Syria and the West

As the US prepares to launch an attack in Syria, against the Assad regime which allegedly used chemical weapons against its own citizens, the debate has focused mostly on tactics and ethics rather than strategy. The British parliament decided against joining the Americans principally on the, rather sensible and practical, grounds that an air strike would be of little consequence and sending ground troops to Syria is out of the question. Critics of air strikes over the use of sarin point to the fact that the West has stood virtually idle as over 100,000 people have died during the Syrian civil war. Skeptics of assorted ideological persuasion underline the divisions within the Syrian resistance camp whilst warning that air strikes will empower extremist Sunni elements, i.e. the same kind of people who threaten the West with terrorism. Almost everyone (in the West) is tired of meddling in muslim Middle East. The record of disastrous interventions in Lebanon, Iraq and Afghanistan is too fresh and too vivid to be forgotten. And yet the US administration is poised for an attack. Why?

The main argument of the Obama administration is that the West cannot sit idle while there is extensive use of chemical weapons.  But this is a tactical argument; it implies that the West has a role as the watchman of the world. This is the implicit idea behind the current debate. It is this very idea that needs to be understood and addressed.

A beautiful, Byzantine-style, rendering of Saladin, the hero of Syria and of the Arabs.

A beautiful, Byzantine-style, rendering of Saladin, the hero of Syria and of the Arabs.

But let me say a few words about Syria first. I travelled there extensively in the 1990s, when the world was a different place. The memory of the Hama massacre was still fresh then, and the hold of the regime on the populace absolute. And yet I could see, very clearly, a new generation which was more educated, and more informed about world affairs, feeling uneasy with the status quo. As the years went by I had the opportunity to travel to many other Arab countries, where I saw the same thing: the tectonic forces that would bring about the “Arab Spring” gathered momentum as young people with access to the Internet felt deprived and oppressed under outdated, Cold War era, regimes.

When the revolution started in Tunisia, it spread like wildfire. But instead of those youngsters claiming a new future, the past caught up with them. Divisions forcefully pacified by the Ottomans and, later, by western imperialist powers and nationalist regimes, resurfaced with a vengeance. The Arab world is nowadays torn by the unfinished war between Sunni and Shia; it will not find peace until this war comes to an end. Not unlike the religious wars of Christendom the Muslim religious wars will be bloody and protracted.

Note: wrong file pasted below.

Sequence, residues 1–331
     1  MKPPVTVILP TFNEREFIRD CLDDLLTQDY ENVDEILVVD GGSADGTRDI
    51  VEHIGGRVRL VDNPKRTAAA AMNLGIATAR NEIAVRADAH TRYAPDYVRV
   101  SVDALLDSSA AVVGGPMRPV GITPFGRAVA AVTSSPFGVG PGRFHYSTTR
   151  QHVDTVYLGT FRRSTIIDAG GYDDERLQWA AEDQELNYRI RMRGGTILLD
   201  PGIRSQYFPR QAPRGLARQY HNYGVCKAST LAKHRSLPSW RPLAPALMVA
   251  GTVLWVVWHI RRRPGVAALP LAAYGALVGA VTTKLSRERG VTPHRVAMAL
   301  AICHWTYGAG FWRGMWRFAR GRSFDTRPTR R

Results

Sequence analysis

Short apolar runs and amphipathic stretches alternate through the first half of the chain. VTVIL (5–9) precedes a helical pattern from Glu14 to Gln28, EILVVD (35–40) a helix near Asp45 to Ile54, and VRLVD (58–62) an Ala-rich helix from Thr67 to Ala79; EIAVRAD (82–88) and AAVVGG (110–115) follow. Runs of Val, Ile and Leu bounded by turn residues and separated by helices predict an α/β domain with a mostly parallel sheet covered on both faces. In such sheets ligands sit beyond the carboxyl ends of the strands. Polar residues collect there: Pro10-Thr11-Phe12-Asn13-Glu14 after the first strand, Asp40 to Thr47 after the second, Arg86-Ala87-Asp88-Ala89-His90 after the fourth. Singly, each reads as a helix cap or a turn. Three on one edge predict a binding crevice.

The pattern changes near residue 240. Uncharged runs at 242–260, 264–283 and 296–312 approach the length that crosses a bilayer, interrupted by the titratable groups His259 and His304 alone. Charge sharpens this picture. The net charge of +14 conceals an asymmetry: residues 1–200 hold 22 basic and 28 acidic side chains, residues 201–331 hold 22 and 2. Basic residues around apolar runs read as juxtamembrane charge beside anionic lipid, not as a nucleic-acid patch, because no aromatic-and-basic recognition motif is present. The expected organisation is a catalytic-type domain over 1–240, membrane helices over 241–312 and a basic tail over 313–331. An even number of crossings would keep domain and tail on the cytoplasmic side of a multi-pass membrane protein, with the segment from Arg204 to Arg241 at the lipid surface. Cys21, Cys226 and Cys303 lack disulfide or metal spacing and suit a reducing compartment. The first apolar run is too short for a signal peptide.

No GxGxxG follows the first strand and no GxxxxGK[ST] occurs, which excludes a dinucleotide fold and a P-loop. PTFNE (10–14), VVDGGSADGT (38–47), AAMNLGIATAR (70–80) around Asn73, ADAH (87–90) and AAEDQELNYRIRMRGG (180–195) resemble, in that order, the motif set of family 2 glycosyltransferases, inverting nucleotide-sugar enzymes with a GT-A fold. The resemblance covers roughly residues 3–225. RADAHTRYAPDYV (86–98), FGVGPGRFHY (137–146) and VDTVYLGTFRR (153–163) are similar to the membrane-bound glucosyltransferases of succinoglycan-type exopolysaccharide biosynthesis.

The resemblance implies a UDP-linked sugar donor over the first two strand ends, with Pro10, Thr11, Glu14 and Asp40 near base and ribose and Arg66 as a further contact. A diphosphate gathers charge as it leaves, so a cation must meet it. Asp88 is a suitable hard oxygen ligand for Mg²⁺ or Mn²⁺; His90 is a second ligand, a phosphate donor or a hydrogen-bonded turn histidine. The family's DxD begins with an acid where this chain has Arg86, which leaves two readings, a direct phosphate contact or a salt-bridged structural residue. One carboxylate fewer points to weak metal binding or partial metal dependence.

The Empire of Saladin.

The Empire of Saladin.

It is a historical coincidence that the United States found themselves with a vast conventional army as the Cold War ended, and with presidents under the ideological influence of neo-conservatism. The demise of the Soviet Union gave the impression of the “end of history”. To the victor the spoils: international institutions are dominated by the West and built on western values and ideals. To many ideologues in the West, the West is therefore the keeper, the watchman, the policeman of the world. It is this self-appointed “manifest destiny” that gives West the “right” to intervene and “punish” whoever breaks its “laws”.

I am of the West too. I am shocked and horrified by what goes on in Syria, as I was about what went on in the Balkans during the Yugoslavia partition wars. But I am afraid that the Syrian conflict will be the final curtain of western supremacy. The fact that the United Kingdom will not follow the US on this adventure is not a hiccup. Equally, when Obama asks Congress for approval for the attack (thereby relinquishing the presidential prerogative for taking military action) is not out of democratic politeness, as he claims. Both are historical signs of exhaustion. Signs that the governing elites of the West feel that they can no longer drag their unwilling populace into the high pastures of global glory and leadership.  No matter what happens after the congressional vote (which most likely will support the President’s demand) the all-mighty West appears to have lost its will to fight.

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